An Adelaide grandfather who faked real estate investments in the US and Papua New Guinea to steal hundreds of thousands of dollars in "premeditated and shameless" offending has been jailed for six years.
Robert Wayne Collins, 77, was found guilty of seven counts of financial deception between late 2012 and February 2015.
Collins faked bank emails in order to scam victims who believed they were investing in property.
He also operated fake international bank accounts, claiming to invest in properties in the US and projects in PNG.
In 2013, one victim invested $100,000 of his inheritance with Collins. The con man spent all but $4000 within five days.
Throughout 2014, Collins scammed a group of investors of $286,000 while pretending to invest in US-based properties.
He told them each couple was required to pay $50,000 to his company in order to invest.
In late 2014, he spent $182,000 of these funds at Mercedes Benz, purchasing two cars.
A career criminal, Collins was first jailed 47 years ago in 1973, for obtaining a bank cheque for $5000 while pretending to be someone else.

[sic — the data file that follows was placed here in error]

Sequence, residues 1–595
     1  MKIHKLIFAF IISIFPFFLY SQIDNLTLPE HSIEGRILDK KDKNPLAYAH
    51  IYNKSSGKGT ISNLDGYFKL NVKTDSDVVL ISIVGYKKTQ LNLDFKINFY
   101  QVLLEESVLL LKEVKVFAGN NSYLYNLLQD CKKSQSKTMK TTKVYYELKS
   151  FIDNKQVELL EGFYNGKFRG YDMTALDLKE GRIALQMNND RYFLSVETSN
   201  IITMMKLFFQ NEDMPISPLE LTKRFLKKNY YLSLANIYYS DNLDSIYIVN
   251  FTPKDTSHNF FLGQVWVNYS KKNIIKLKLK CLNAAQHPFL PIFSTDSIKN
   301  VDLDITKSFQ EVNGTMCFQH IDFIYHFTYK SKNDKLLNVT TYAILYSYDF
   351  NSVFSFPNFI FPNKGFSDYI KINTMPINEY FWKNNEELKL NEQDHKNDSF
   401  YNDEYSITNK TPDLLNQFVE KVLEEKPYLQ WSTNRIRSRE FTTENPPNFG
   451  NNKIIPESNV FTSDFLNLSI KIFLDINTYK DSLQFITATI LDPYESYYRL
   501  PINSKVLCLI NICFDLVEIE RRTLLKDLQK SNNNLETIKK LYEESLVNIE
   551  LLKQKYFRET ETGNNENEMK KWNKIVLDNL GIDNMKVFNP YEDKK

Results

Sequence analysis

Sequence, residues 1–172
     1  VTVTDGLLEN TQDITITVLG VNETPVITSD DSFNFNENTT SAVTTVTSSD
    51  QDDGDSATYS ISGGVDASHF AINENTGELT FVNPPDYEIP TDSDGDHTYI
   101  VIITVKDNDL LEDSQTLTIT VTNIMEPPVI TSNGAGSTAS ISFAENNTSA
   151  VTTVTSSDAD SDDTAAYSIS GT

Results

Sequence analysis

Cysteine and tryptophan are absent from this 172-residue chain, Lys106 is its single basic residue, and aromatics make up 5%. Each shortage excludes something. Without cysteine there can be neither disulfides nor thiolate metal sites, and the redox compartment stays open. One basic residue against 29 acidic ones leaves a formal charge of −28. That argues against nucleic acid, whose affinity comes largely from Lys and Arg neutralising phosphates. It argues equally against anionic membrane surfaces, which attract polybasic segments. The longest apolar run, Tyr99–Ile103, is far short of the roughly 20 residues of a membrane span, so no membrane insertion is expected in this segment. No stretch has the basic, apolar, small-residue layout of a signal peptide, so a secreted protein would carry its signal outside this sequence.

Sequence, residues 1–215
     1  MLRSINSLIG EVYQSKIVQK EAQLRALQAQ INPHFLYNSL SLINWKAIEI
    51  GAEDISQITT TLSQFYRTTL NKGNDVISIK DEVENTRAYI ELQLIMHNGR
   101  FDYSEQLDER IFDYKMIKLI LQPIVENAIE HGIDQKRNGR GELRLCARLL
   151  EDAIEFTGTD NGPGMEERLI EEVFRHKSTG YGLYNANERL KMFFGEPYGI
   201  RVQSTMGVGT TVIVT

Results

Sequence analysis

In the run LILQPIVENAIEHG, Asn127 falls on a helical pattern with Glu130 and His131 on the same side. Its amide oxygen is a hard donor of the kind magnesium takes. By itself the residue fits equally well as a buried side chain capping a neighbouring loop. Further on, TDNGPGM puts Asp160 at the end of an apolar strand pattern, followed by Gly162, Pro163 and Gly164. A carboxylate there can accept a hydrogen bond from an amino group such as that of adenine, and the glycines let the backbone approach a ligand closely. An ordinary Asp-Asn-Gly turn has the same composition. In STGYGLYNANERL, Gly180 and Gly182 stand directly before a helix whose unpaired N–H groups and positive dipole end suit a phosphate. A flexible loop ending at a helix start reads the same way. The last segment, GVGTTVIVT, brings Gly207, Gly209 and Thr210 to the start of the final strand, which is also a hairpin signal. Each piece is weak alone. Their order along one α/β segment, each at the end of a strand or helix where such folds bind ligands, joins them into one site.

He appeared in court several times throughout the 1980s, 1990s, and early 2000s, charged with a range of offences such as fraud, operating under false pretences and deception.
In sentencing remarks released on Monday, District Court Judge Liesl Chapman described Collins' scams as "premeditated, calculated, shameless and determined."
"There is not a drop of confidence that you will depart from this type of dishonest activity ever," she said.
Judge Chapman acknowledged positive character references, however a psychological report and previous criminal history showed Collins had little hope of reconciling his actions.
She set a non-parole period of four years.
Australian Associated Press